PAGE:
The Noggin Blog

This Year, Take Your Crisis Management Training to the Next Level

Posted by The Brain on Jan 9, 2019 6:11:17 AM


We’ve said it time and again, but comprehensive, crisis management planning, while essential, is only the first step towards crisis preparedness. No matter how brilliant, dynamic, or intuitive your crisis plan is, when the time comes to execute, staff still needs to be comfortable performing assigned tasks. And that entails, regular training in crisis-like conditions. How, then, to create those conditions?

Corporate crises are noteworthy for the speed with which they overwhelm operations. After all, a signature of a corporate crisis is that it implicates multiple people in (and/or parts of) a business, and that it simply can’t be kept secret for long.

Simulating those conditions so as to faithfully replicate the painful realism of the crisis situation, of course, takes careful planning. For instance, crisis teams will most likely need to recruit external actors to make simulations realistic: those external stakeholders might include key customers, suppliers, emergency responders, regulators, media partners, not to mention relevant business lines (within the organization) as well as senior executives and board members.

As Deloitte points out in “Focus on: Making crisis simulations matter”, the rationale for roping in all of these stakeholders is to trial how key decision makers will react to the onslaught of information during a crisis – information that comes from all directions, flowing haphazardly to central decision makers, not neatly (either vertically or laterally).

Additionally, recruiting stakeholders from outside of the organization, like supplier partners who might also be competitors, gives internal crisis decision makers a taste of how to respond to information which comes from actors who have a different set of (potentially conflicting) priorities. Even before the training begins, crisis decision makers, perhaps after consultation with Risk Analysts, should have a sense of the potential biases that will inform external stakeholder feedback.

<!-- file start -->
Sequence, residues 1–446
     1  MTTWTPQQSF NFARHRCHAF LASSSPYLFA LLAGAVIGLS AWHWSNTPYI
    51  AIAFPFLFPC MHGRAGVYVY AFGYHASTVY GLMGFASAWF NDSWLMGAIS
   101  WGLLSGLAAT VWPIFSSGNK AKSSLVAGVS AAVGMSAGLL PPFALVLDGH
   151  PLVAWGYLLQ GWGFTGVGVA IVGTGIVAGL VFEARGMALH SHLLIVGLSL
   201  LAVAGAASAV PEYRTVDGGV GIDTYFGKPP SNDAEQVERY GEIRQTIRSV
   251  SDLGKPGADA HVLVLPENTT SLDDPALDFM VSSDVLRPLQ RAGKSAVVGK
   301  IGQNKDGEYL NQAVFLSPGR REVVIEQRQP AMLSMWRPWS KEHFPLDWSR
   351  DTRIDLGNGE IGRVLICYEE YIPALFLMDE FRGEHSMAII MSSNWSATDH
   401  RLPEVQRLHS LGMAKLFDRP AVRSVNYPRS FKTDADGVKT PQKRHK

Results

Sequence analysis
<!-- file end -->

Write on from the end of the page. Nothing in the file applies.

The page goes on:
What’s more, speed and (multivalent) information flows provide an important opportunity for what I call crisis entrepreneurship. Decisions have to be made and implemented quickly, often without sufficient time for information to pass through all formal channels. This gives rank-in-file crisis team members a wide berth to make individual decisions.

Will they be prepared, though? In a crisis, individual team members might have the propensity to look to others (usually the crisis leader) before executing; this is called the sunflower effect. During crisis trainings, leaders should give their rank-in-file crisis members the latitude to implement decisions (based on conditions on the ground), even if the tactics deployed deviate from the plan.

In other words, trainings should teach members how to go off script prudently and intelligently to get through an active crisis intact. Members should come out of the training feeling empowered to tweak crisis plans if the situation warrants. Though, it’s worth noting, that if your team does indeed deviate from the plan during training, they should document what they’ve done, why they’ve done it, and the results of doing so. Those findings should then be incorporated into the latest edition of the plan.

Another key, crisis training benefit: crisis simulations provide invaluable trial and error learning (in a relatively controlled setting) for all employees. After all, everyday employees are usually the “first responders” to corporate crisis. Trainings are also a good way to gauge the capabilities of all the resources (not just personnel, but systems, tools, equipment, etc.) your team has it disposal.

Finally, training is absolutely crucial to preparing for a corporate crisis effectively. But technology matters as well, especially as a means of providing dynamic access to the crisis training.

What does this mean? Crisis management apps give your team secure access to crisis management content, like plans. Since they’re mobile-friendly, crisis apps also facilitate trainings outside of the office, in locations where it might make more sense to run your simulation.

With the right mobile crisis app, teams can run scenarios and role play, wherever they are. There are, however, other considerations to have when procuring crisis management software. To learn more, download our Crisis Management App Essential Features Guide:

Download Now


For more crisis management content, follow @teamnoggin on Twitter

Topics: Crisis Management, Noggin Crisis, Critical Issues Management, Crisis Plans

Meet Noggin: all-hazards enterprise resilience software.

Thanks for stopping by!

The Noggin software suite provides flexible information management solutions capable of managing all hazards across a wide range of industries, from the smallest complaint to a multi-national emergency. We help organizations handle all hazards, all media, all devices, all processes - in one suite of software products. Organizations across the world rely on Noggin to help them manage disruptive events more effectively and protect the bottom line for their communities and businesses.

Want to learn more? Get in touch:


Subscribe to Email Updates

Recent Posts